As a rule an employer is not required to inspect simple tools which do not "import menace of injury," because the employee, having occasion to use them, is in a position to discover their defects. Relaxation of the duty to inspect simple tools presupposes that the employee by using them has had a better opportunity to observe their defects and that his knowledge is equal or superior to that of the employer. Mercer v. R. R., supra; Wright v. Thompson, supra; Clinard v. Electric Co., 192 N.C. 736. But if the employee has no power of selection or opportunity for inspection the rule is not relaxed and the employer is held to the usual requirements to exercise ordinary care to furnish tools that are reasonably safe. In such case there is no equality of knowledge. Stork v. Cooperage Co., 127 Wis. 322; Rollings v. Levering, 18 N.Y. 224; Guthrie v. R. R., 11 Lea, 372; Chicago v. Blivins, 46 Kan. 370; Newboer v. R. R., 60 Minn. 130; R. R. v. Amos, 20 Ind. 378. When a tool becomes defective and the employer has actual or constructive notice of the defect and the employee is ignorant of it the employer as a rule is liable for exposing the employee to a peril of which he had no knowledge. Fort Smith W. R. Co. v. Holcombe, 158 P. 633; Swain v. Chicago, R. I. P. R. Co., 170 N.W. 296, affirmed on rehearing, 174 N.W. 384.

The Federal Act embraces simple as well as complex tools. Gekas v. Navigation Co., 146 P. 970.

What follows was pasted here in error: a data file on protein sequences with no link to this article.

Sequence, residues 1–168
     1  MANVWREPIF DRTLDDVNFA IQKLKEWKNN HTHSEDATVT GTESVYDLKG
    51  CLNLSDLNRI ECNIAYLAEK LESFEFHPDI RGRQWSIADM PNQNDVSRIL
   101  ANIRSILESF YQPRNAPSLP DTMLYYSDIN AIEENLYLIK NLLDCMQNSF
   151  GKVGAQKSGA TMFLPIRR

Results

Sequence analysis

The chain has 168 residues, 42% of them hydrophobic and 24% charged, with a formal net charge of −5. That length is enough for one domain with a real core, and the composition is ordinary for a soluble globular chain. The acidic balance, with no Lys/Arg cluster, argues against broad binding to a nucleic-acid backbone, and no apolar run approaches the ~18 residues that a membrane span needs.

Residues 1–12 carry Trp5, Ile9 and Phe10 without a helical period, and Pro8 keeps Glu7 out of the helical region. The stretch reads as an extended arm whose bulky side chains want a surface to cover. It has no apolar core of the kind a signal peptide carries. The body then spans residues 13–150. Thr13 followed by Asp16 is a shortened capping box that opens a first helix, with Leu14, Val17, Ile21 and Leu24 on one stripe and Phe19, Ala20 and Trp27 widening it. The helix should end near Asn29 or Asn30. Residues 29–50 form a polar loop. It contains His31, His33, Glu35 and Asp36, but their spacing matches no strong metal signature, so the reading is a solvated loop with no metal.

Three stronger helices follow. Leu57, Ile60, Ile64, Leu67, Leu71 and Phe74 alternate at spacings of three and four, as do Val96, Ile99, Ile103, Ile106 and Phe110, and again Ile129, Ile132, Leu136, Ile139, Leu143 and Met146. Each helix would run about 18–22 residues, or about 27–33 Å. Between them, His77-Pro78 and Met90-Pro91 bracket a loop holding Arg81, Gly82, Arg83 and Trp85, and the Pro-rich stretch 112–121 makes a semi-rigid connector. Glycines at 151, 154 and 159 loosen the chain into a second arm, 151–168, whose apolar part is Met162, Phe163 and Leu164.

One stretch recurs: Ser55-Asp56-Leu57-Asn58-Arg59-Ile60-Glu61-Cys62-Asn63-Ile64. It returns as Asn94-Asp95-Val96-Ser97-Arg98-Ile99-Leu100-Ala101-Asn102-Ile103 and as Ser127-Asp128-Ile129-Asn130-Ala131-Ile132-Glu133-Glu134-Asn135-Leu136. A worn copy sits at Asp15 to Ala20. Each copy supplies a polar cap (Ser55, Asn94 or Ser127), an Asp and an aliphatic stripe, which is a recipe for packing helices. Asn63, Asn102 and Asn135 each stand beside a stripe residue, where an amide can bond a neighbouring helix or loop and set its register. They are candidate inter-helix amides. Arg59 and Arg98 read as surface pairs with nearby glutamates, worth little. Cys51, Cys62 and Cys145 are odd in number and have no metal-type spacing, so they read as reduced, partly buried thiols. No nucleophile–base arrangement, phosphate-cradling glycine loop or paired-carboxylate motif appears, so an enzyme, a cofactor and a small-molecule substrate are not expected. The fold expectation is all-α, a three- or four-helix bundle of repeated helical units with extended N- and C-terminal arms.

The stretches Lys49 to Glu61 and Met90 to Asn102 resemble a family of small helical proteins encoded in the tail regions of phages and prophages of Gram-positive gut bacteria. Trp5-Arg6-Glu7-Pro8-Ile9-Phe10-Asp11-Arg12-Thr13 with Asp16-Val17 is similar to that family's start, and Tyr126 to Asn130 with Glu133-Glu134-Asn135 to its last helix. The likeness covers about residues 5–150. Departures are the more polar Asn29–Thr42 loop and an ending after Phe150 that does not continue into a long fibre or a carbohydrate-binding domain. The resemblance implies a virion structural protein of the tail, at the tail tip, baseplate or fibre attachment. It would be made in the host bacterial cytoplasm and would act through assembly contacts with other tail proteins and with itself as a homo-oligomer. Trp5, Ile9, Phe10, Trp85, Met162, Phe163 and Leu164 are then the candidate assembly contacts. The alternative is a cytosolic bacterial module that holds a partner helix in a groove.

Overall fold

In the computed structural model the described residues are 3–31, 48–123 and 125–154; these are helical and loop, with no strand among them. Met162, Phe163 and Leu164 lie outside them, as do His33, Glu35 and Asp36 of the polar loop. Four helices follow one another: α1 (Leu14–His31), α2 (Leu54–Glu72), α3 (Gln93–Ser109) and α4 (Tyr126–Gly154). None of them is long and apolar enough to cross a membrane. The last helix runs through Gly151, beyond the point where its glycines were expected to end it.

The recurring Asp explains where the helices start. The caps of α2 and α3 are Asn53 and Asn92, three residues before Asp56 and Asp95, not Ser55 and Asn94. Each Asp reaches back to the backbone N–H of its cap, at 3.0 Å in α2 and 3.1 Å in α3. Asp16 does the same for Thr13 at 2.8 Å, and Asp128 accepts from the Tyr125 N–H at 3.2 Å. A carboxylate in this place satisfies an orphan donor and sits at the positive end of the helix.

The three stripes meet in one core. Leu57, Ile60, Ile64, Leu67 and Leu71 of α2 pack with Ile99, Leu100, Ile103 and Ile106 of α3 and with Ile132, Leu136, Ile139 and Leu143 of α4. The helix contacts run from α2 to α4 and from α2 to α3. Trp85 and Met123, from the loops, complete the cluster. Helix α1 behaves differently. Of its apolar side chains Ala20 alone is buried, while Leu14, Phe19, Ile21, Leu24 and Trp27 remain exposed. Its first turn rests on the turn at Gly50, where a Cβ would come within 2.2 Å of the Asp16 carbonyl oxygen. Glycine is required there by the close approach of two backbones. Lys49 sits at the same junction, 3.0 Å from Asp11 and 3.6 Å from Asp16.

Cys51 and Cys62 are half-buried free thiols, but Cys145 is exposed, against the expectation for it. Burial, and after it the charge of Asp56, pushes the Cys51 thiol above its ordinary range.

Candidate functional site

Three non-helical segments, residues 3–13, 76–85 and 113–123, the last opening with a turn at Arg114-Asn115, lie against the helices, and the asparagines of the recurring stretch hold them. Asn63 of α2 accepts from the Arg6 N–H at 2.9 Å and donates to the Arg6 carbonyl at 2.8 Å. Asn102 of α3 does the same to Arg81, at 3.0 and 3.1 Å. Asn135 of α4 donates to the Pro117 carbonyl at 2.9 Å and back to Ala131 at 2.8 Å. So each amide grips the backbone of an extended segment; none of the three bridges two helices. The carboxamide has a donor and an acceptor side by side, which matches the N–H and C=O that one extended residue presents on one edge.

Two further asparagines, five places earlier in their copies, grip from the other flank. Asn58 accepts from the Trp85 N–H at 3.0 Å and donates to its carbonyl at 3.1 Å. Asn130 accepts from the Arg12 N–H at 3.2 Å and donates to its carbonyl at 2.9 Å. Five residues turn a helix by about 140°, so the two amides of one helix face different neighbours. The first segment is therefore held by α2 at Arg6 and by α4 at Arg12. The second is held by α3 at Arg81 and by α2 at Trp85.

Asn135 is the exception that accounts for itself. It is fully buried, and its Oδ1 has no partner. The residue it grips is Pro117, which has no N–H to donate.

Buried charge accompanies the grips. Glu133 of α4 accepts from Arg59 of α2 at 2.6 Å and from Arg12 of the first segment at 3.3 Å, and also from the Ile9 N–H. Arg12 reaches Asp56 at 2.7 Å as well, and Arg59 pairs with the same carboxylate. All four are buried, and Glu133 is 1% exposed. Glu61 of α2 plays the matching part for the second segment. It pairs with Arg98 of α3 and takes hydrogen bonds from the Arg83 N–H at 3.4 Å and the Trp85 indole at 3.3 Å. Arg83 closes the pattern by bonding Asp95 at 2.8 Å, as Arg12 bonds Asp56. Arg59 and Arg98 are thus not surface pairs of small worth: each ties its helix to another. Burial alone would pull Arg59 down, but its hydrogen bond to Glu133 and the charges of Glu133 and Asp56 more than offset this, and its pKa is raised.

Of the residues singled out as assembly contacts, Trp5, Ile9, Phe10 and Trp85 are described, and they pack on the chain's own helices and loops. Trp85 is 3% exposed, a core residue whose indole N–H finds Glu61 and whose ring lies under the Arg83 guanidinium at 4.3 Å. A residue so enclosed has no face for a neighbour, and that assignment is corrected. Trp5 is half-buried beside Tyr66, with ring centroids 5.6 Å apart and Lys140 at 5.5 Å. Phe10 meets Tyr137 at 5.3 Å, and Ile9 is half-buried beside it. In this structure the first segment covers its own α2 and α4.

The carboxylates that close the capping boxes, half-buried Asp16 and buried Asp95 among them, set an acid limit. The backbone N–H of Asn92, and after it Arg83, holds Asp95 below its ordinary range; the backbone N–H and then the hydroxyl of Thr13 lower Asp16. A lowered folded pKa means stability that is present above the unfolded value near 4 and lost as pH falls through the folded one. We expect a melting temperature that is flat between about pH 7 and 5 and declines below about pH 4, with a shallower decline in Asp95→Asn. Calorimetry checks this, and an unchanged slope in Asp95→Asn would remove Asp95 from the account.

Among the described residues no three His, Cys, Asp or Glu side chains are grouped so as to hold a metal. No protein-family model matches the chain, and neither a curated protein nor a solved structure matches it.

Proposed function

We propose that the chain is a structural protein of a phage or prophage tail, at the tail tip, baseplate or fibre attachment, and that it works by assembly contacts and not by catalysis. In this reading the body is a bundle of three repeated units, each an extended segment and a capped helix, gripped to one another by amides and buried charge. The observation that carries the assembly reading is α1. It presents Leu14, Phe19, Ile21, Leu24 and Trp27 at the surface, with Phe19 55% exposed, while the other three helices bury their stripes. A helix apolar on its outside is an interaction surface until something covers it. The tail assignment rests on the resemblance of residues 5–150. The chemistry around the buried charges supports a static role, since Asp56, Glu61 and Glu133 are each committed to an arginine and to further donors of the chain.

In reference to his knowledge of the wrench and blade-setter the plaintiff testified as follows: "He (Mordecai, the foreman) and the helper furnished the tools. . . . I did not have anything to do with the selection of the tools. Mr. Mordecai sent the helper to get the blade-setter, and Mordecai handed me the wrench; and the blade-setter and the wrench were handed me while I was under the engine. . . . Right after I was hurt I examined the blade-setter and wrench. The condition of the blade-setter was that it had been used so much until the head was smaller than the original size. The blade-setter head was six-sided. The only thing wrong with that was it was too small for the wrench that I was using. The wrench was almost a complete circle and worn. It was intended to be six-sided. . . . I did not have any knowledge of the fact that the foreman had furnished me with a wrench that would slip on the blade-setter. I did not know that he had furnished me that kind of a wrench. . . . I knew I would have to have a wrench and blade-setter. . . . I could not tell you how many times I had used that wrench before. It worked well on new nuts. It was part of the machinist tools. We hardly ever used it. It was part of my equipment, open to my use and inspection. I could look at it every time I had an opportunity to use it. I cannot exactly say that I did know the condition of the wrench. I had never paid attention to it. It worked all right on a full nut, but on an old head or bolt it would not. I knew it would work on a new nut. I have seen wrench and blade-setter before, but had not used them together. Had only used wrench on a full-sized nut; it would be used on other hexagon nuts on engine. . . . The blade-setter was part of the tools. I never used it before. . . . It was there as a part of the machinist tools. . . . I was the only machinist there. All machinist tools were there for the use of all of us, not mine any more than anybody else's. . . . When the wrench and blade-setter were handed to me I put the blade-setter on the tumbling shaft arm. I was in a cramped position. I was kinder like this (illustrates), and fastened it on. The boiler is not high enough and I had to stoop. When I stooped about like I said the blade-setter was lower than my eyes. I could not say how much lower. It was about one foot away. With my eyes in about one foot of the blade-setter I placed the wrench on it. At that time the blade-setter and the wrench were within one foot of my eyes. The head of the screw was inside and not in view. The head of the blade-setter was out here like that (illustrates with photograph held on one side). I was within one foot of the blade-setter and I took the wrench and put it over the head of the blade-setter."